People talk all the time about the “perfect” day. Writers employ various adjectives and dream up certain sundry fantastical landscapes as a backdrop for their “perfect” scenes. But rarely do these moments of bliss actually occur as you imagine them in real life.
I say rarely because, for myself and some friends yesterday, a series of perfect moments culminated in a perfect day. We had been talking about going wine tasting up in Santa Barbara for some time, and so finally, after months of “talk,” we just all managed to put it on the calendar somehow.
Let me narrate the next 15 or so hours. I’ll try to use some brevity, and some imagery, neither of which will be sufficient to capture any of the beautiful moments, because somehow, despite my need to document, it’s best being most exquisite in memory.
After some joking around about mine and Alicia’s need for Starbucks in the morning, our friend Bru met us in the parking lot, we hopped in his car, and began the 2-3 hour drive to Santa Barbara. The beauty of this drive is that good friends can enjoy good conversation, and good music made even better by good scenery and the promise of good memories ahead.
Some 101 and Solvang:
We started to drive through the mountains to come up around the other side of Santa Barbara and into Solvang, the quaintest, most idyllic little Dutch community this side of the pond. In Solvang, we sauntered around a bit, enjoyed a nosh of delightful raspberry/cream cheese and blueberry danishes, and poked our head in a few intriguing little shops.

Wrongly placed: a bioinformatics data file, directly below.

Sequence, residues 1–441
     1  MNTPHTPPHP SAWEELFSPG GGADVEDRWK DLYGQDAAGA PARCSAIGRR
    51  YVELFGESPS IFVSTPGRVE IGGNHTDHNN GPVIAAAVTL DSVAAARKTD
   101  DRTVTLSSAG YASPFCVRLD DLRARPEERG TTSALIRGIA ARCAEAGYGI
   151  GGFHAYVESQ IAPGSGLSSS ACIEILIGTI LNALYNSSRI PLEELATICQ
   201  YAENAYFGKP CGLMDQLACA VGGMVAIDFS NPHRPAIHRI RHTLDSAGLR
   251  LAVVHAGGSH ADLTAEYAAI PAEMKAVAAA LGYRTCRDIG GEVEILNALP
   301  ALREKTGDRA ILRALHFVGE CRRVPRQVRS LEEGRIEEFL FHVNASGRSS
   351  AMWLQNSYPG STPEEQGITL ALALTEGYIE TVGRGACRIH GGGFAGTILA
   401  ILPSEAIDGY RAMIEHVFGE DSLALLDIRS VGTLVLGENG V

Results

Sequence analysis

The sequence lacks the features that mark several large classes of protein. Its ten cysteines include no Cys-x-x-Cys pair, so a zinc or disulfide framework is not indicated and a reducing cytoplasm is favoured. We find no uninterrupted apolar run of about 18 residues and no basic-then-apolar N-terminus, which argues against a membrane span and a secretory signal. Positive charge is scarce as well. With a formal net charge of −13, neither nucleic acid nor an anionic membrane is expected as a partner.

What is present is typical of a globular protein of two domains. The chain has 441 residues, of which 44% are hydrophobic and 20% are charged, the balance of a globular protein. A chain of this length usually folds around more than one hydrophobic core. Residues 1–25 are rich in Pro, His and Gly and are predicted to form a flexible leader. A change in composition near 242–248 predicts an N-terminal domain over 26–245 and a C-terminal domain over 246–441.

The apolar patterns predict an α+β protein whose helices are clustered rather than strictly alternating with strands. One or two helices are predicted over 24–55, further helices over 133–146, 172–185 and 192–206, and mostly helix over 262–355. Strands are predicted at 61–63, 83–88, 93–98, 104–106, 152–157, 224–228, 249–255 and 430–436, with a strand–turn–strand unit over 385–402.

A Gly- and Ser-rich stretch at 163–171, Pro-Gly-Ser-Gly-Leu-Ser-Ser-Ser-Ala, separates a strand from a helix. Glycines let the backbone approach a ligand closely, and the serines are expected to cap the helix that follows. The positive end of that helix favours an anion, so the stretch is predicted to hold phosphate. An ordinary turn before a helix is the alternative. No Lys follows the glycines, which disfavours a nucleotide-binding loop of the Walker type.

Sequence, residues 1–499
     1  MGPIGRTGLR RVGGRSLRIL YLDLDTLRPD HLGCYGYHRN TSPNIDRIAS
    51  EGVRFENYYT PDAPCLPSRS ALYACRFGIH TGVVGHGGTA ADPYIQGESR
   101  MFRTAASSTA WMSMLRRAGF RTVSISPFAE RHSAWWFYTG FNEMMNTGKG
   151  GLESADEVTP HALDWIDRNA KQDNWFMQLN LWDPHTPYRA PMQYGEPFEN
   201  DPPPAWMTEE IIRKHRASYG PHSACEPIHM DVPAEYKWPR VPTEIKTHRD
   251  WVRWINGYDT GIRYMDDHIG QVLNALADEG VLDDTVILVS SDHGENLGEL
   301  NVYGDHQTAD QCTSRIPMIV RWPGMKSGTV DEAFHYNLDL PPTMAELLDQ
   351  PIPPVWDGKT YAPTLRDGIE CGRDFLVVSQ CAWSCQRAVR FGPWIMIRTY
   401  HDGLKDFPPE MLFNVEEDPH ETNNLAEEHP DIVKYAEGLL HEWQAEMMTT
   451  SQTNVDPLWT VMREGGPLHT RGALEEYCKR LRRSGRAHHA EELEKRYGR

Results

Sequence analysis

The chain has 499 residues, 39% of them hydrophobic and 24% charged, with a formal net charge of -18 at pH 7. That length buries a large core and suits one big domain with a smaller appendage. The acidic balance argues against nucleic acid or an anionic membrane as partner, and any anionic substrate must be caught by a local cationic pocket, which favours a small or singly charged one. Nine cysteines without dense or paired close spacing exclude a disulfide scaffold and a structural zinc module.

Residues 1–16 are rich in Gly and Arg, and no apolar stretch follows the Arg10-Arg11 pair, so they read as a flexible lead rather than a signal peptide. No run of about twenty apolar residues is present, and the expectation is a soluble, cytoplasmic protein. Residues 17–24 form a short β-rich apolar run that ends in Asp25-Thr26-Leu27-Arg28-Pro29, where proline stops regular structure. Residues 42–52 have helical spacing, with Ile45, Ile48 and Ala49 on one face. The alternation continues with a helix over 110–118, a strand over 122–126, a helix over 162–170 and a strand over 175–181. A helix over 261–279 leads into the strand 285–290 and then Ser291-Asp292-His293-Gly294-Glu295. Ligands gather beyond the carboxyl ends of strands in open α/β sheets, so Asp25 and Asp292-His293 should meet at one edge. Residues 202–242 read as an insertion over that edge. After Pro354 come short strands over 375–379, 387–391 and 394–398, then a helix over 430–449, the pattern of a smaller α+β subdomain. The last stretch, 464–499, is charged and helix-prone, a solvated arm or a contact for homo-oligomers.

Santa Barbara Wine Country:
Following Solvang, we let the winding wine country roads take us further and further back amongst vineyards, ranches, and those quintessential long driveways opened up by brick, wrought iron, and wooden swinging gates. In Los Olivos, we stopped for our first wine tasting, where Bru proceeded to make wine tasting more than just a sophisticated hobby, but an exercise in identifying the various gustatory components of each sample: the oak, the blackberry, the vanilla, the apricot, the florals, and the list could go on. We joked as we began to get down the rhythm of smelling the libation vigorously and sensuously as we swirled the rich fluid in its glass. Feeling perhaps a little light-headed, we crossed the street and picked up smoked BBQ tri-tip sandwiches from a deli across the street for a later picnic.
More wine tasting followed after more wine country was traversed. It felt like somehow we had been transported into another world, a world of grapes, cypress trees, rolling hills, and pockets of ranch houses.Our second winery may have been the most memorable. A cooky little British lady kept us subtly giggling, as did a stuffed toy dog that we each took turns petting. We sampled quite a few spirits there, adding to the giddiness of the day. Despite the heat of this afternoon, we walked outside and were greeted by a gusty wind as we picked up our sandwiches and munched on them contentedly on benches overlooking grapevines and valleys as far as the eye could see. Our view was flanked by a proverbial outdoor adirondack chair, perfectly following the photographer’s rule of thirds.
Two more wineries followed, more giggles, more memories, as we all thanked Bru for the marvelous trip he planned for us. Everything was just as it should be, and that overwhelming sentimentality that accompanies picturesque and singular moments in time was a shared feeling.